Father of the Bride (1991)

Father of the Bride 1991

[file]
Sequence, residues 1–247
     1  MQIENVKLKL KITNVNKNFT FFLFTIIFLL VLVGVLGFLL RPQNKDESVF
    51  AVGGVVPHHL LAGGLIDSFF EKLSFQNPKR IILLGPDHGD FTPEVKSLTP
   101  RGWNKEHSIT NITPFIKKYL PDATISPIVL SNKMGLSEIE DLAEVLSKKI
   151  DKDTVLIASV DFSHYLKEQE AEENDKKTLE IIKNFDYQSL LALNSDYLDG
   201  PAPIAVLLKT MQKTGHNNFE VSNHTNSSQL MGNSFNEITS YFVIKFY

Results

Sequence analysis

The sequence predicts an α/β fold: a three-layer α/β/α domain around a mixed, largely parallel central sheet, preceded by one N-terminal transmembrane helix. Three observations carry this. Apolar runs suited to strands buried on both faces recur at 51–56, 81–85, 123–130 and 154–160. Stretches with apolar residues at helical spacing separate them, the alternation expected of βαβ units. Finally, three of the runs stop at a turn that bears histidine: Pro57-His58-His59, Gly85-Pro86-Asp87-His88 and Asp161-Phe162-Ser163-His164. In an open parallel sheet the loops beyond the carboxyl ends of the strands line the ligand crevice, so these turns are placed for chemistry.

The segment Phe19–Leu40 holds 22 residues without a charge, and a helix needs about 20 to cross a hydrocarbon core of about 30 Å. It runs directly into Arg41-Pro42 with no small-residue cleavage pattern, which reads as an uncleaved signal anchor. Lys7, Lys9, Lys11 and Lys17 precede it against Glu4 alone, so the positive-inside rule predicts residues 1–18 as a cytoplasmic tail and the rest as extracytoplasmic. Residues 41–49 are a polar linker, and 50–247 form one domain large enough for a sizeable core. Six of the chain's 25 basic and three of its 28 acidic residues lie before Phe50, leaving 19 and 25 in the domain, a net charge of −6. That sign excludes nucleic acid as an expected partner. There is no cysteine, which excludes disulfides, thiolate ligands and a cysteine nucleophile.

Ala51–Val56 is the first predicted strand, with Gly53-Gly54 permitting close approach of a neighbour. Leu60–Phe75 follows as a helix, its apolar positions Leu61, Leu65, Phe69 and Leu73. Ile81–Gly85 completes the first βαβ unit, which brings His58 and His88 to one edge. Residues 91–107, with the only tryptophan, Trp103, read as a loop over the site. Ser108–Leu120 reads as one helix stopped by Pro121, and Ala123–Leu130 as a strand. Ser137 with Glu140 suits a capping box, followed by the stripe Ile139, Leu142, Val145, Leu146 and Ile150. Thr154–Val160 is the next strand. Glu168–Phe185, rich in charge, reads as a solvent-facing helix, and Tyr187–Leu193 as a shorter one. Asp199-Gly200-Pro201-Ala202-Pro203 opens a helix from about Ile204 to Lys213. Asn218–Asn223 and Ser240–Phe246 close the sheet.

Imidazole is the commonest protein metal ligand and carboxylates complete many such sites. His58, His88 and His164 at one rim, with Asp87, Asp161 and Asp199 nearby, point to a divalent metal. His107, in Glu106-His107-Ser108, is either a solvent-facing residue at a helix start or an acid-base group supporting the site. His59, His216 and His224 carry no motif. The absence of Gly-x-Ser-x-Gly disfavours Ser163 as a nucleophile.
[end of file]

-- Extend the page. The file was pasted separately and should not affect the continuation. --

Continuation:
From that moment on I decided to shut my mouth and go with the flow. Los Angeles-based shoe factory proprietor George Banks (Steve Martin) leads the perfect life with his wife Nina (Diane Keaton), beloved twentysomething student architect daughter Annie (Kimberly Williams) and little son Mattie (Kieran Culkin). However, when Annie returns from her semester in Rome with Bryan Mackenzie (George Newbern) her new fiancé in tow, he has a hard time letting go of her. George makes a show of himself when he and Nina meet Bryan’s parents at their palatial Hollywood home; then Nina and Annie plan a grand celebration with bizarre wedding planner Franck Eggelhoffer (Martin Short) and the costs escalate wildly to the point where George believes the entire scheme is a conspiracy against him … It’s very nice. We’ll change it all though. Let’s go! This remake and update of the gold-plated classical Hollywood family comedy is much modernised by husband and wife writer/director Charles Shyer and screenwriter Nancy Meyers but retains a good heart. Carried by a marvellous cast with Martin superb in a difficult role – sentimental and farcical in equal measure as he confronts a crisis triggered by the loss of his darling little girl to another man!  – his voiceover narration is perfectly pitched between loss, self-pitying acceptance and mockery. It’s interesting to see Meyers lookalike Keaton back in the camp after Baby Boom (and not for the last time).  The early Nineties era of comedy is well represented with Short side-splitting as the insufferable but indispensable wedding planner with his impenetrable strangulated locutions; and Eugene Levy has a nice bit auditioning as a wedding singer. The ironies abound including the car parking issue forcing George to miss the whole thing; and the first snowfall in Los Angeles in 36 years that means the absurd swans have to be kept warm in a bathtub (if nothing else, a brilliant visual moment). The updating includes giving Annie a career and given the dramatic significance of homes in Meyers’ work it’s apt that she is (albeit briefly) an architect – a homemaker of a different variety. George and Nina’s marriage is a great relationship model without being sickening – a tribute to the spot-on performing by the leads in a scenario that has more than one outright slapstick sequence – meeting the future in-laws at their outrageous mansion is a highlight. Adapted by Meyers & Shyer from the original screenplay written by another husband and wife team, Frances Goodrich and Albert Hackett, which was adapted from Edward Streeter’s novel. The eagle-eyed will spot the filmmakers’ children Hallie and Annie as Williams’ flower girls. Hallie has of course continued in the business and is a now a writer/director herself. Hugely successful, this was followed four years later by an amusing sequel. For more on this you can read my book about Nancy Meyers:  https://www.amazon.co.uk/Pathways-Desire-Emotional-Architecture-Meyers-ebook/dp/B01BYFC4QW/ref=sr_1_1? dchild=1&keywords=elaine+lennon+pathways+of+desire&qid=1588162542&s=books&sr=1-1. Directed by Charles Shyer. That’s when it hit me like a Mack Truck. Annie was like me and Brian was like Nina. They were a perfect match